The days when I do find the courage and strength to speak my mind amaze me – how can I be so brave when other days I let it consume me? These are the days that I realize people with anxiety are the strongest because we never have a minute of peace. I’ve been called “Strong” before, but I don’t feel it, I have a tattoo as a reminder.

Ani Hazika
Hebrew for “I’m Strong”

The next time someone says “I’m tired” try to understand that they might be struggling with something deeper. Maybe they need words of encouragement, a shovel to dig them out of a situation or just a simple hug saying “It’s OK to be tired.”

For the longest time, people mention that I take things too personally or that I’m too sensitive. Hearing it for years and from different groups of people, I started to look in on myself and ask: is there something more to this?

Last year I decided to research this aspect of my personality as I started to believe that there was more to me just being “emotionally sensitive.”
On top of being emotional, I know I get easily overstimulated by
a) Noises (One Example: When my husband sharpens the knives I cannot be in the same room)
b) Lights (One Example: Some concerts I have to lower my head to withdraw from the strobes)
c) Smells (One Example: Old Spice triggers me)
d) People (One Example: Feeling others emotions all too well)

All signs were leading to me being a “Highly Sensitive Person” (HSP for short). I couldn’t believe it! When I was a kid all of my peers called me “shy” or “quiet,” but I was mislabeled. Since I was highly sensitive, I often felt overwhelmed in most aspects of my life that would make me clam up and withdraw from others. Especially when people subject emotions around me on a daily basis. Through being highly sensitive, I’m more susceptible to anxiety through this absorption.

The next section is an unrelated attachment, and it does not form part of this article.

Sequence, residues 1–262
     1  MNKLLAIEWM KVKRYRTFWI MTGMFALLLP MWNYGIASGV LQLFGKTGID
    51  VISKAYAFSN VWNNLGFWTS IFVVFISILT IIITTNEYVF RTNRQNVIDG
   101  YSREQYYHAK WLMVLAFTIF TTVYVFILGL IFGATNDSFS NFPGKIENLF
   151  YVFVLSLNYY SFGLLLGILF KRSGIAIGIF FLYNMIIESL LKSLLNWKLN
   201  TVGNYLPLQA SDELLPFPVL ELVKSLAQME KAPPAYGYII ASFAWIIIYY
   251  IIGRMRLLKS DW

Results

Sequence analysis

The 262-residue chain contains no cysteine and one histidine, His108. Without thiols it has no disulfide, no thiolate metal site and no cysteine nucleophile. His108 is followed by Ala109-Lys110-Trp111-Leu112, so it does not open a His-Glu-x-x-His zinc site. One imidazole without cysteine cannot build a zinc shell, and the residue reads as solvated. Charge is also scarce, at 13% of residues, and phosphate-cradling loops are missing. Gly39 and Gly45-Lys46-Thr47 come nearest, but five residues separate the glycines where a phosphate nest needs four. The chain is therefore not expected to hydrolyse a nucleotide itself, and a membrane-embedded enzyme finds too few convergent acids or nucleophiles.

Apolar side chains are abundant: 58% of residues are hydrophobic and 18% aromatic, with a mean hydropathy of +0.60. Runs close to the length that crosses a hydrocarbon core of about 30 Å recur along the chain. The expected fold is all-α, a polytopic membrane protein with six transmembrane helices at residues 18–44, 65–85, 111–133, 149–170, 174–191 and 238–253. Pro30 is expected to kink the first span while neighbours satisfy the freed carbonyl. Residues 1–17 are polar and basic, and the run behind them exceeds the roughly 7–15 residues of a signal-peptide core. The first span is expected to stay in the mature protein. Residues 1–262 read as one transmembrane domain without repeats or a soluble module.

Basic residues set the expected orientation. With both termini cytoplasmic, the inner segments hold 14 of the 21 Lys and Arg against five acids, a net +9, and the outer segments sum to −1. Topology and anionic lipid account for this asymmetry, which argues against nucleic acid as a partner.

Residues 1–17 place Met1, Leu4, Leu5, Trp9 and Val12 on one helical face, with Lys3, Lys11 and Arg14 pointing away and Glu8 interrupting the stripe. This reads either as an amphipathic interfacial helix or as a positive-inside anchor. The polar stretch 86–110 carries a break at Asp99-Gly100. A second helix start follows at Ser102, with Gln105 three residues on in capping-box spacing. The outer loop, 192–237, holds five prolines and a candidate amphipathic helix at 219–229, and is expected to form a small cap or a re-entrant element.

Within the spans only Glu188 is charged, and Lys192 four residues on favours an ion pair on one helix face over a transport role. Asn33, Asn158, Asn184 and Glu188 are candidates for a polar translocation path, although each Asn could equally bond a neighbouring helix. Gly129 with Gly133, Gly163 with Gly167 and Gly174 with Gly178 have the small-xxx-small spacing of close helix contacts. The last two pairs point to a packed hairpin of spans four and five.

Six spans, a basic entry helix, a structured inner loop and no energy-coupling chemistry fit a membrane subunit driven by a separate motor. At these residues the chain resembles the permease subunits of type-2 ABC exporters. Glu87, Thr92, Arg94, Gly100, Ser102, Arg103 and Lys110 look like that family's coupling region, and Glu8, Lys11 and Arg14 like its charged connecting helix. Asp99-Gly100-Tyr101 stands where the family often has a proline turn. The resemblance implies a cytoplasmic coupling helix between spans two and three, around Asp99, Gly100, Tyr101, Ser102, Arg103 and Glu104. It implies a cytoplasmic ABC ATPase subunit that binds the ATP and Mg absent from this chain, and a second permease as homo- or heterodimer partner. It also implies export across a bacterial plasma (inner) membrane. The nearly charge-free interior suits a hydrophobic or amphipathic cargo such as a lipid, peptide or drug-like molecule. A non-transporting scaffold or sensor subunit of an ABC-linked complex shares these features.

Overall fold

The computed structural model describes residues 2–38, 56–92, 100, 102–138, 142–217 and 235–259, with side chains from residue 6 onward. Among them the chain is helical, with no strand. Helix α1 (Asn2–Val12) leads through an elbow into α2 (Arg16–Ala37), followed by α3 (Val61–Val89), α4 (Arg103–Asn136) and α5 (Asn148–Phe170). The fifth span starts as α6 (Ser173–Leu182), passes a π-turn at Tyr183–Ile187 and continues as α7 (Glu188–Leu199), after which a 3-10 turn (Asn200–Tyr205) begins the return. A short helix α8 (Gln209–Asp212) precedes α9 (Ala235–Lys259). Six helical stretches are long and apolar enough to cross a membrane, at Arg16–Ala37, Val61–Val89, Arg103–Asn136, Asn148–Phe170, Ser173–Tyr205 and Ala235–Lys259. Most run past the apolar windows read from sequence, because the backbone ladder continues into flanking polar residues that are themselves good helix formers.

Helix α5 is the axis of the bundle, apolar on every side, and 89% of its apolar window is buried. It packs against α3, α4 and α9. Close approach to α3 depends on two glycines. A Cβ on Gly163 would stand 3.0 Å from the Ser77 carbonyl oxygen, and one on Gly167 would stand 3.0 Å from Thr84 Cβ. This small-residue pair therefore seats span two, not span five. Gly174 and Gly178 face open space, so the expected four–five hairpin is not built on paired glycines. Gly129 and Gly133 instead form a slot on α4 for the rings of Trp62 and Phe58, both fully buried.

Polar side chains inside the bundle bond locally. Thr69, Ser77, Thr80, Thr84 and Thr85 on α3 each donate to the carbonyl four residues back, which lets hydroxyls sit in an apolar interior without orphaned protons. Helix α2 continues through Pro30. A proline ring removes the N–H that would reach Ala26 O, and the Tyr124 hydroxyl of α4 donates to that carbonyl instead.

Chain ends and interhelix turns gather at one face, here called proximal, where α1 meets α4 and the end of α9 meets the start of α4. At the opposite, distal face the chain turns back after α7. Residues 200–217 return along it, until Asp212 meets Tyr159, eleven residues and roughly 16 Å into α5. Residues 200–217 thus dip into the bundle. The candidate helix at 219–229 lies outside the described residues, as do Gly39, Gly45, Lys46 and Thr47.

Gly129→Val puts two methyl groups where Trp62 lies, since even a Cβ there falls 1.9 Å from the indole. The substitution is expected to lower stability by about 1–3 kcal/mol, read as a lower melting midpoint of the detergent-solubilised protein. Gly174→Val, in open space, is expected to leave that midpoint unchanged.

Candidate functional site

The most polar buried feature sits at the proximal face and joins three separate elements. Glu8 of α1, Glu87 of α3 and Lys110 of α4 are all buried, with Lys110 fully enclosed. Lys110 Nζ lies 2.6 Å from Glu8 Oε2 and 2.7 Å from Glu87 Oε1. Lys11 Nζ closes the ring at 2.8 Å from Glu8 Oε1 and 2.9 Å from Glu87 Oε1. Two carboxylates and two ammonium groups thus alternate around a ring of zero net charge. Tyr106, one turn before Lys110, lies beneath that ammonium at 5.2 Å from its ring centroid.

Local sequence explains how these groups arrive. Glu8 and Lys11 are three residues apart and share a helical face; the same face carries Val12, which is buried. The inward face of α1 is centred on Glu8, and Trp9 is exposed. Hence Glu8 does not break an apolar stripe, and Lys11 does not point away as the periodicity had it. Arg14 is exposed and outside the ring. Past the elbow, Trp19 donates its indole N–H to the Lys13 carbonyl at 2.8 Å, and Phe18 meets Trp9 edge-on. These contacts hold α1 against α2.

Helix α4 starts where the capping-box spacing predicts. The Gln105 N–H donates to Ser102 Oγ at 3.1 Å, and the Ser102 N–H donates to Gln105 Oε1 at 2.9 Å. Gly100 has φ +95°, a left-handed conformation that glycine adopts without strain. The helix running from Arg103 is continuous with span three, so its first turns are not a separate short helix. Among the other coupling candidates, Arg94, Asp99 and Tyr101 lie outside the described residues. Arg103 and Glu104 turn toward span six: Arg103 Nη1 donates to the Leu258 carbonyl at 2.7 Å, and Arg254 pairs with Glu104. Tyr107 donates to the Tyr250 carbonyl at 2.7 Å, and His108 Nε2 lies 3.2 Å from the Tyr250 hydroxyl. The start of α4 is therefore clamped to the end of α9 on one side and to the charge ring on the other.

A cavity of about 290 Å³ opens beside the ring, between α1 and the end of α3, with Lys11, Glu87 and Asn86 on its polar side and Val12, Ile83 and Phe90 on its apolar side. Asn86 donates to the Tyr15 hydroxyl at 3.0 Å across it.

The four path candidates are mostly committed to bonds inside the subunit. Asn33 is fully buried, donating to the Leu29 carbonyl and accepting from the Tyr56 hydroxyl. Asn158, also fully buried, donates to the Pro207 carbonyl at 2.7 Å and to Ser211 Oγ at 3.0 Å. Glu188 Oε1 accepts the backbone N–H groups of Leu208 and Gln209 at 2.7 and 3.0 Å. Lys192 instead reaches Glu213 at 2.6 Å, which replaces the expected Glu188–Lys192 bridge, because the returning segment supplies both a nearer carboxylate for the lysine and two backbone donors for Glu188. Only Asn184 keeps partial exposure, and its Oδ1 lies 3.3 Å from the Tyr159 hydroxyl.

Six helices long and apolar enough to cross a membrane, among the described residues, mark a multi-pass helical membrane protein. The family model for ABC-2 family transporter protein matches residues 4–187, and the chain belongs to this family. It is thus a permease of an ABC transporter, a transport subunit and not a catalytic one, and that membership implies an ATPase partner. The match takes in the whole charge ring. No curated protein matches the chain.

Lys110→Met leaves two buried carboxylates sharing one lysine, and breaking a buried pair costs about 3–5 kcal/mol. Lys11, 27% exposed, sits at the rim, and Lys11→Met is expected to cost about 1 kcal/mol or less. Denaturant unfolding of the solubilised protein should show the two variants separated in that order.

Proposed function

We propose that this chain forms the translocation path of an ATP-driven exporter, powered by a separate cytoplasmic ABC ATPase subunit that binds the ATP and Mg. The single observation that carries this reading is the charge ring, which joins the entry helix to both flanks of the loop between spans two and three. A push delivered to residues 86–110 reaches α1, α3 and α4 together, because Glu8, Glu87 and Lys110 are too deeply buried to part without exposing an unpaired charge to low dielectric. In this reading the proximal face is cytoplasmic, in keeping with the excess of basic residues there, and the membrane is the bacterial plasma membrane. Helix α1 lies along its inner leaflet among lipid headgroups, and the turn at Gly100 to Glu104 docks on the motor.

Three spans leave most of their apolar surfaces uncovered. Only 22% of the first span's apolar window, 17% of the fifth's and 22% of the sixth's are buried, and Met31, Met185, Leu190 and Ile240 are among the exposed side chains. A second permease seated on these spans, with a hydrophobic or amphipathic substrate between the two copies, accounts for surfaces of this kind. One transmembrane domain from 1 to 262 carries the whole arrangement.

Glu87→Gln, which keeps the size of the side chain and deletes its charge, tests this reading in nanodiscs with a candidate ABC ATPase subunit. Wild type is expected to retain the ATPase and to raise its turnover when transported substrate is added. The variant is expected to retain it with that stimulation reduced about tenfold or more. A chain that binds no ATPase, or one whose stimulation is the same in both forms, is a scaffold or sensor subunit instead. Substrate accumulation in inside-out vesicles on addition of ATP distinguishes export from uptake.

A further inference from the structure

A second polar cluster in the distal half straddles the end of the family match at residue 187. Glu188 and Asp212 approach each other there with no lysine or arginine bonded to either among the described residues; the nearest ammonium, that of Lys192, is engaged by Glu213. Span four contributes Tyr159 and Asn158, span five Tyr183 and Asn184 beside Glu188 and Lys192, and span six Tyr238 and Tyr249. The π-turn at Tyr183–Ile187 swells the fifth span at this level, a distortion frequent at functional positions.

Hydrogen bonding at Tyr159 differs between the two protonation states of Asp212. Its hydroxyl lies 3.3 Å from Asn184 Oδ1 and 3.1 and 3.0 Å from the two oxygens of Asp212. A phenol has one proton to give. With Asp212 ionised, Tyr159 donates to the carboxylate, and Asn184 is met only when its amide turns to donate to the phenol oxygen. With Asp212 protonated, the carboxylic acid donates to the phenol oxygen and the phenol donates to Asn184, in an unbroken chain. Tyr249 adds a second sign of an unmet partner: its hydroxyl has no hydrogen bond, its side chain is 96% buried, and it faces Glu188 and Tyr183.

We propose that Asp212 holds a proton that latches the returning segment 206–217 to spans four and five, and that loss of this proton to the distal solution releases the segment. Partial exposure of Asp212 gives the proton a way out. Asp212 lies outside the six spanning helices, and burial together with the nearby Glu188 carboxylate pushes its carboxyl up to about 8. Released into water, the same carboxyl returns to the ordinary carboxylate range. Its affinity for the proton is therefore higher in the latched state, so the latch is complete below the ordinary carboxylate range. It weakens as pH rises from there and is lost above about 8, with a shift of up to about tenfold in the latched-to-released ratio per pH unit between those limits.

MIND. BLOWN.

It also affects the way that I think, since I have a more creative and active imagination, it can become more challenging to remain calm or convince myself there’s nothing to worry about since I deep dive into negative ‘fantasies.’ It usually feels like there is nothing that I can do to lessen the intensity.

AHHH what do I do?!

Well, first things first – You need to learn how to stop allowing emotions from invading your mind and protect yourself. Easier said than done, right? In all honesty, you just need to find the willingness to react differently if you don’t want to be overwhelmed.

  • Learn to recognize the signs and symptoms of getting overwhelmed: for me; it’s usually dry mouth and a racing heart. Being in the present will help you overcome your situation.
  • Focus on yourself: If you’re anything like me, you tend to put everyone over and above yourself. Well, STOP. Self-care is imperative to recharge yourself and to boost your self-confidence.
  • Get mindful: you cannot control what others are going to do so live in the now, breathe deeply and try relaxation techniques. I cannot emphasize enough how important exercise is to burn off the adrenaline coursing through your system
  • Set Boundaries: Avoid the sources of your fear but don’t run away. The more you understand about your boundaries you’ll be able to prepare ahead of time to avoid or adjust your day to reduce the effect on you. I don’t like to avoid things as I feel it sometimes makes my anxiety worse, so I adjust.
  • Remember that it’s not the “end of the world” all of the thoughts racing through your brain is part of your imagination – let them go!

Curious to know if you’re an HSP, too?
Take this test to find out